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Adrian Peterson says crown-of-helmet rule is 'OK, protects players'

By Ryan Wilson | CBSSports.com

Adrian Peterson calls it "an OK rule because it protects players." (Getty Images)
The list of folks who loudly voiced their displeasure last month with the league's new crown-of-the-helmet rule is both long and notable. Starting next season, ball-carriers or would-be tacklers will be fined 15 yards for leading with the top of their helmets.

"Absurd," "a joke," it "doesn't make any sense," and the NFL will never "be able to police it" have all been popular sentiments.

The latest to join the chorus: Vikings running back Adrian Peterson -- until he hedged midway through his thought.

“Sooner or later we're going to be playing touch football,” Peterson said during an appearance on KFAN before adding: “That's just the passion in me that said that and then the maturity in me said, you know what, it's an OK rule because it protects players.”

Peterson has been one of the few players to support the rule, though that may have to do with the lack of details regarding the specifics of it. Rams coach and competition committee member Jeff Fisher elaborated last month.

"Let's bring the shoulder back," he said at the time. "We've lost the shoulder in the game. Let's bring it back.” Fisher added that while the play will be a judgment call for officials and isn't reviewable, it won't be "over-officiated."

“The key thing here is you can deliver a blow with shoulder, with face, with hairline," he said. "It's just deliberately striking with the crown, the top of the helmet.”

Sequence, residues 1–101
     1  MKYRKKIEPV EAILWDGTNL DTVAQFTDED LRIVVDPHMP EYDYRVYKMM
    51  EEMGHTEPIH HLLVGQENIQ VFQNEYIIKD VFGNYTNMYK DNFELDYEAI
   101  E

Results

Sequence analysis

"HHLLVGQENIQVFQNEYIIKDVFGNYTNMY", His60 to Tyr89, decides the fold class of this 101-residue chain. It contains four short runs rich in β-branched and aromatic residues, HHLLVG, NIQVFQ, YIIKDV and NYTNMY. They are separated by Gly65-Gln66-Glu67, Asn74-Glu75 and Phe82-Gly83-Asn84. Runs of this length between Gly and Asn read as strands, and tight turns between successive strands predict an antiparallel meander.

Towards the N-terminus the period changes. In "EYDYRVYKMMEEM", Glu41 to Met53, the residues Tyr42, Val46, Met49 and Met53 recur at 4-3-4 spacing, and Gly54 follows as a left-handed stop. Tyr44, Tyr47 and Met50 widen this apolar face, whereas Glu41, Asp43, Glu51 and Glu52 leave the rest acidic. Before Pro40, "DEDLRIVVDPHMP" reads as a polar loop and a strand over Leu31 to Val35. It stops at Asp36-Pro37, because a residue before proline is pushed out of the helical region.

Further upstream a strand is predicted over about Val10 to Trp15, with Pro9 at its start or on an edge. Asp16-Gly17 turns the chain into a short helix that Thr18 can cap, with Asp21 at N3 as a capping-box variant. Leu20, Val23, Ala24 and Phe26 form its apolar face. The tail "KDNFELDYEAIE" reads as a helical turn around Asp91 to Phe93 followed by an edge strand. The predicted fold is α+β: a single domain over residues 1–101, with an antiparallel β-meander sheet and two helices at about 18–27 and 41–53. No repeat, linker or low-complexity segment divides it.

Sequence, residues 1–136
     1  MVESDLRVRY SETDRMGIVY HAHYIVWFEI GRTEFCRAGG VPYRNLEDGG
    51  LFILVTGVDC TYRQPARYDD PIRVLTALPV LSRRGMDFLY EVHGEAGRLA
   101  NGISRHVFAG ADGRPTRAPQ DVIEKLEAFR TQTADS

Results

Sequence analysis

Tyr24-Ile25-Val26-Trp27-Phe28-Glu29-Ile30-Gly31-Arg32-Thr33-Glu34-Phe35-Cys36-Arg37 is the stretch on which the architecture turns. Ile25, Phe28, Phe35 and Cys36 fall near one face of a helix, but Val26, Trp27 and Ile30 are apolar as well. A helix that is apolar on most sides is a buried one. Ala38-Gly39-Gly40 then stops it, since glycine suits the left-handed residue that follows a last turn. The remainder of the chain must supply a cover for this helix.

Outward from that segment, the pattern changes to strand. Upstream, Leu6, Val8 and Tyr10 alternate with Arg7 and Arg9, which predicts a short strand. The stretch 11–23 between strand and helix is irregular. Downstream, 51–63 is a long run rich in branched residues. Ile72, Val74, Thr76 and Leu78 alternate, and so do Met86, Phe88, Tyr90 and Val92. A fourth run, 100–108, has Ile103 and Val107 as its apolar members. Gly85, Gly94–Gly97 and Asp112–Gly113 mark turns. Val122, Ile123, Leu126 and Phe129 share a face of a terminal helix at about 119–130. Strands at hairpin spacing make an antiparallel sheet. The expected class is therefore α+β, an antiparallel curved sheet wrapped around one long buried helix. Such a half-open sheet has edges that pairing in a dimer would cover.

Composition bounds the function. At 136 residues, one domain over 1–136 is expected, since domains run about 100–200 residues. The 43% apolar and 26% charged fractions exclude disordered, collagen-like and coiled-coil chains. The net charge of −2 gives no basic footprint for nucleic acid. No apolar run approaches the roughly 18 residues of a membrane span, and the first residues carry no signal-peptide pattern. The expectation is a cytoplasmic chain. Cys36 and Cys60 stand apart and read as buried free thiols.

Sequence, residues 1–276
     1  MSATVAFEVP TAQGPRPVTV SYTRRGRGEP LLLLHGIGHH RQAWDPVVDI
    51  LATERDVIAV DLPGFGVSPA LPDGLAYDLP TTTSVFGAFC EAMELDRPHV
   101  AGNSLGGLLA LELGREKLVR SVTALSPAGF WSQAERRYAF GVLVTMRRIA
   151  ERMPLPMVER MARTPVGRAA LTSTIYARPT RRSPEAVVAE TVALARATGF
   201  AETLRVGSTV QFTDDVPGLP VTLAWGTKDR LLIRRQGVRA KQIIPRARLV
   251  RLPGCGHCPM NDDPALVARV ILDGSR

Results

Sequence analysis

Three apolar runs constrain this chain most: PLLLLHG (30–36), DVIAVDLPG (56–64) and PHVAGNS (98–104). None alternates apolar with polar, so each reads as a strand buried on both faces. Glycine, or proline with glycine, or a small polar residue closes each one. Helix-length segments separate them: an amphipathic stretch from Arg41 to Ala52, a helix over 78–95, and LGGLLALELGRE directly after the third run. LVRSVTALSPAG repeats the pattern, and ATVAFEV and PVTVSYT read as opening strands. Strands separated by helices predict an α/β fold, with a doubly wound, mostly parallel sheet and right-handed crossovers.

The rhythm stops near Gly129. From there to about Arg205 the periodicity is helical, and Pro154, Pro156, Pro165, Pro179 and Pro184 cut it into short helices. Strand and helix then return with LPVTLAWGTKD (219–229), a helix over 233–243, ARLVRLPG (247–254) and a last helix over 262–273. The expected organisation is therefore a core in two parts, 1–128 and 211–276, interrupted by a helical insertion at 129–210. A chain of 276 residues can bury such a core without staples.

And while Peterson understands the reason for the change, he thinks the rule favors defenders.

“The one thing I do not like about the rule is they single it out towards running backs,” he said. “From my point of view, when you're looking at the defense and there's 11 guys coming at you. There's so many times that guys have come at me and lowered their helmet not with their facemask facing me. They just lowered their helmet and came in and dived at me, my legs and my knees.”

Browns running back Trent Richardson agrees.

"I know why they did it, but I won't say that I fully agree with it," Richardson said in March. "I'm not saying it's a dumb rule, but the backs are all talking about it and it's kind of hard on us."

Of course, if Richardson had never done this to the Eagles' Kurt Coleman last season we wouldn't even be having this conversation. And for that, he's sorry.

"I feel like I made it bad for all the backs," Richardson said. "I feel like it's my fault. … People keep telling me it's the T-Rich rule. I guess I made history today."

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